# 4.6: Hypergeometric Distribution

- Page ID
- 742

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\(\newcommand{\avec}{\mathbf a}\) \(\newcommand{\bvec}{\mathbf b}\) \(\newcommand{\cvec}{\mathbf c}\) \(\newcommand{\dvec}{\mathbf d}\) \(\newcommand{\dtil}{\widetilde{\mathbf d}}\) \(\newcommand{\evec}{\mathbf e}\) \(\newcommand{\fvec}{\mathbf f}\) \(\newcommand{\nvec}{\mathbf n}\) \(\newcommand{\pvec}{\mathbf p}\) \(\newcommand{\qvec}{\mathbf q}\) \(\newcommand{\svec}{\mathbf s}\) \(\newcommand{\tvec}{\mathbf t}\) \(\newcommand{\uvec}{\mathbf u}\) \(\newcommand{\vvec}{\mathbf v}\) \(\newcommand{\wvec}{\mathbf w}\) \(\newcommand{\xvec}{\mathbf x}\) \(\newcommand{\yvec}{\mathbf y}\) \(\newcommand{\zvec}{\mathbf z}\) \(\newcommand{\rvec}{\mathbf r}\) \(\newcommand{\mvec}{\mathbf m}\) \(\newcommand{\zerovec}{\mathbf 0}\) \(\newcommand{\onevec}{\mathbf 1}\) \(\newcommand{\real}{\mathbb R}\) \(\newcommand{\twovec}[2]{\left[\begin{array}{r}#1 \\ #2 \end{array}\right]}\) \(\newcommand{\ctwovec}[2]{\left[\begin{array}{c}#1 \\ #2 \end{array}\right]}\) \(\newcommand{\threevec}[3]{\left[\begin{array}{r}#1 \\ #2 \\ #3 \end{array}\right]}\) \(\newcommand{\cthreevec}[3]{\left[\begin{array}{c}#1 \\ #2 \\ #3 \end{array}\right]}\) \(\newcommand{\fourvec}[4]{\left[\begin{array}{r}#1 \\ #2 \\ #3 \\ #4 \end{array}\right]}\) \(\newcommand{\cfourvec}[4]{\left[\begin{array}{c}#1 \\ #2 \\ #3 \\ #4 \end{array}\right]}\) \(\newcommand{\fivevec}[5]{\left[\begin{array}{r}#1 \\ #2 \\ #3 \\ #4 \\ #5 \\ \end{array}\right]}\) \(\newcommand{\cfivevec}[5]{\left[\begin{array}{c}#1 \\ #2 \\ #3 \\ #4 \\ #5 \\ \end{array}\right]}\) \(\newcommand{\mattwo}[4]{\left[\begin{array}{rr}#1 \amp #2 \\ #3 \amp #4 \\ \end{array}\right]}\) \(\newcommand{\laspan}[1]{\text{Span}\{#1\}}\) \(\newcommand{\bcal}{\cal B}\) \(\newcommand{\ccal}{\cal C}\) \(\newcommand{\scal}{\cal S}\) \(\newcommand{\wcal}{\cal W}\) \(\newcommand{\ecal}{\cal E}\) \(\newcommand{\coords}[2]{\left\{#1\right\}_{#2}}\) \(\newcommand{\gray}[1]{\color{gray}{#1}}\) \(\newcommand{\lgray}[1]{\color{lightgray}{#1}}\) \(\newcommand{\rank}{\operatorname{rank}}\) \(\newcommand{\row}{\text{Row}}\) \(\newcommand{\col}{\text{Col}}\) \(\renewcommand{\row}{\text{Row}}\) \(\newcommand{\nul}{\text{Nul}}\) \(\newcommand{\var}{\text{Var}}\) \(\newcommand{\corr}{\text{corr}}\) \(\newcommand{\len}[1]{\left|#1\right|}\) \(\newcommand{\bbar}{\overline{\bvec}}\) \(\newcommand{\bhat}{\widehat{\bvec}}\) \(\newcommand{\bperp}{\bvec^\perp}\) \(\newcommand{\xhat}{\widehat{\xvec}}\) \(\newcommand{\vhat}{\widehat{\vvec}}\) \(\newcommand{\uhat}{\widehat{\uvec}}\) \(\newcommand{\what}{\widehat{\wvec}}\) \(\newcommand{\Sighat}{\widehat{\Sigma}}\) \(\newcommand{\lt}{<}\) \(\newcommand{\gt}{>}\) \(\newcommand{\amp}{&}\) \(\definecolor{fillinmathshade}{gray}{0.9}\)The hypergeometric distribution arises when one samples from a finite population, thus making the trials dependent on each other. There are five characteristics of a hypergeometric experiment.

- You take samples from
**two**groups. - You are concerned with a group of interest, called the first group.
- You sample
**without replacement**from the combined groups. For example, you want to choose a softball team from a combined group of 11 men and 13 women. The team consists of ten players. - Each pick is
**not**independent, since sampling is without replacement. In the softball example, the probability of picking a woman first is \(\frac{13}{24}\). The probability of picking a man second is \(\frac{11}{23}\) if a woman was picked first. It is \(\frac{10}{23}\) if a man was picked first. The probability of the second pick depends on what happened in the first pick. - You are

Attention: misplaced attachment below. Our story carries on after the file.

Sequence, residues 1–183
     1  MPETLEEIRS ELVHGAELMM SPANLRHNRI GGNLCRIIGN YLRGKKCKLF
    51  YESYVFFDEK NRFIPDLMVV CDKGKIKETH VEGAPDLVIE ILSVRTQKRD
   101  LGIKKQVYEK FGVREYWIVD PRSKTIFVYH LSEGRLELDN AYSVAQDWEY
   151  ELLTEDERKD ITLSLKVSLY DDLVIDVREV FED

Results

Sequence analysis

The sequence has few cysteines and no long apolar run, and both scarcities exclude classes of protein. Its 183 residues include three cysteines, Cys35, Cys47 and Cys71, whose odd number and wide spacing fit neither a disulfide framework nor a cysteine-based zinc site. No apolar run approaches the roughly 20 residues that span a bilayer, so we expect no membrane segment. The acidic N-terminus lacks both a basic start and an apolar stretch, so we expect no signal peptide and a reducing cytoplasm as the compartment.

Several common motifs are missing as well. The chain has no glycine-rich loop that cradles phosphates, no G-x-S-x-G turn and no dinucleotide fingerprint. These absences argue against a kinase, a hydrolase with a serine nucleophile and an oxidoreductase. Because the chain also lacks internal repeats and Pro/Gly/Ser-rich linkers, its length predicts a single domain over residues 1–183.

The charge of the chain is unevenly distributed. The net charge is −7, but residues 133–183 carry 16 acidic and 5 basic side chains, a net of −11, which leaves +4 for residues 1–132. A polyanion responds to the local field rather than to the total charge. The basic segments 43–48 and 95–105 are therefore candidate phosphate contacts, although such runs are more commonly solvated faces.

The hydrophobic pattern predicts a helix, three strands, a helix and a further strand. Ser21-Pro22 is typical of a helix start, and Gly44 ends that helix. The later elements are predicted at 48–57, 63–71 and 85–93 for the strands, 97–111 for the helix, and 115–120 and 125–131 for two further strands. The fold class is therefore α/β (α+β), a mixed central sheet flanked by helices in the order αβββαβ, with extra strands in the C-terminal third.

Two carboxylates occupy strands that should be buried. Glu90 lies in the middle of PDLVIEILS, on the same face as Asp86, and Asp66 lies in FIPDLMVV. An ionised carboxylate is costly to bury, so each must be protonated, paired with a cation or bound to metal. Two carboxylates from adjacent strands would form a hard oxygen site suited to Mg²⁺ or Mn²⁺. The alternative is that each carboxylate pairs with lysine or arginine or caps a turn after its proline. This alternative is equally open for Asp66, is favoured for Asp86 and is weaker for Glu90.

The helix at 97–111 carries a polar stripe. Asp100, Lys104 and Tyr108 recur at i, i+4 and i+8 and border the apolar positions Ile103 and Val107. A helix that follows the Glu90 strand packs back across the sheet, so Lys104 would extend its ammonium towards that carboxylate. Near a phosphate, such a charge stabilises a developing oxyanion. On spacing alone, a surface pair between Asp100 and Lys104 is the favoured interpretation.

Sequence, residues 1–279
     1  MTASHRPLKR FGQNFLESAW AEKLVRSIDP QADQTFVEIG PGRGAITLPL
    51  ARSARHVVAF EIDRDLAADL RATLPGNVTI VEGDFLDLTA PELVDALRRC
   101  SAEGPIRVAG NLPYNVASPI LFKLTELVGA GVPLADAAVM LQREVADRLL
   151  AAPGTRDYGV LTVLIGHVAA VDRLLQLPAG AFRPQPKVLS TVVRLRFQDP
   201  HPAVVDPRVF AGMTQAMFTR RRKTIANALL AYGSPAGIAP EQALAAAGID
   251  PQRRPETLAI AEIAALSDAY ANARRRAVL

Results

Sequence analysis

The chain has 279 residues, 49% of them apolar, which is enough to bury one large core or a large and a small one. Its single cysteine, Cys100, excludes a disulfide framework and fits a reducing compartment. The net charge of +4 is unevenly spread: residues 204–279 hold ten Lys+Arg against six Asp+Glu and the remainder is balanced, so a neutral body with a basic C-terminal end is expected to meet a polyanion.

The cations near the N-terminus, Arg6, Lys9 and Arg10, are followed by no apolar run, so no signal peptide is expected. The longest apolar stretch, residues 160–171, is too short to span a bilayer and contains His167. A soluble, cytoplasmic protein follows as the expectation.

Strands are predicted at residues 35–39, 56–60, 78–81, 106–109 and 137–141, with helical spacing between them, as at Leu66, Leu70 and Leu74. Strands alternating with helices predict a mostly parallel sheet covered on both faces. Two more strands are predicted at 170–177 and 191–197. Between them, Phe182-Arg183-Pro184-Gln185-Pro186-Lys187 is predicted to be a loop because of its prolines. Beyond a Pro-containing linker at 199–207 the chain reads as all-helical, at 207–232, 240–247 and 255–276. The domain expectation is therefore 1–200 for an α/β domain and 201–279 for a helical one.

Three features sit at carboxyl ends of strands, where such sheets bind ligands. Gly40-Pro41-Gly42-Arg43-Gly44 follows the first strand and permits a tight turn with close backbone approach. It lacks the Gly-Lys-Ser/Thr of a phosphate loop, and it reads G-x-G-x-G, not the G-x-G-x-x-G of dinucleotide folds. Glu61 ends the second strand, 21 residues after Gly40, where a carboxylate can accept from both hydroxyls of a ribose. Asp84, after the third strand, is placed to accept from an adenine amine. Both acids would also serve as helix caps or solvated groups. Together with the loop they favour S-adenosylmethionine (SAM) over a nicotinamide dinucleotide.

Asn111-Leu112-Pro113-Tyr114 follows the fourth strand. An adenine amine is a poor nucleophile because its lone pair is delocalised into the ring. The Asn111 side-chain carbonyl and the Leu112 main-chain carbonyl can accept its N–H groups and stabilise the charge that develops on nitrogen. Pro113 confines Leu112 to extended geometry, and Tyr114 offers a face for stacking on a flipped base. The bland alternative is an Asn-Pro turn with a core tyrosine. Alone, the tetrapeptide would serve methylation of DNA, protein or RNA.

**not**dealing with Bernoulli Trials.

The outcomes of a hypergeometric experiment fit a *hypergeometric probability* distribution. The random variable \(X\) = the number of items from the group of interest.

A candy dish contains 100 jelly beans and 80 gumdrops. Fifty candies are picked at random. What is the probability that 35 of the 50 are gumdrops? The two groups are jelly beans and gumdrops. Since the probability question asks for the probability of picking gumdrops, the group of interest (first group) is gumdrops. The size of the group of interest (first group) is 80. The size of the second group is 100. The size of the sample is 50 (jelly beans or gumdrops). Let \(X =\) the number of gumdrops in the sample of 50. \(X\) takes on the values \(x = 0, 1, 2, ..., 50\). What is the probability statement written mathematically?

**Answer**

\(P(x = 35)\)

A bag contains letter tiles. Forty-four of the tiles are vowels, and 56 are consonants. Seven tiles are picked at random. You want to know the probability that four of the seven tiles are vowels. What is the group of interest, the size of the group of interest, and the size of the sample?

**Answer**-
The group of interest is the vowel letter tiles. The size of the group of interest is 44. The size of the sample is seven.

Suppose a shipment of 100 DVD players is known to have ten defective players. An inspector randomly chooses 12 for inspection. He is interested in determining the probability that, among the 12 players, at most two are defective. The two groups are the 90 non-defective DVD players and the 10 defective DVD players. The group of interest (first group) is the defective group because the probability question asks for the probability of at most two defective DVD players. The size of the sample is 12 DVD players. (They may be non-defective or defective.) Let \(X =\) the number of defective DVD players in the sample of 12. \(X\) takes on the values \(0, 1, 2, \dotsc, 10\). \(X\) may not take on the values 11 or 12. The sample size is 12, but there are only 10 defective DVD players. Write the probability statement mathematically.

**Answer**

\(P(x \leq 2)\)

A gross of eggs contains 144 eggs. A particular gross is known to have 12 cracked eggs. An inspector randomly chooses 15 for inspection. She wants to know the probability that, among the 15, at most three are cracked. What is \(X\), and what values does it take on?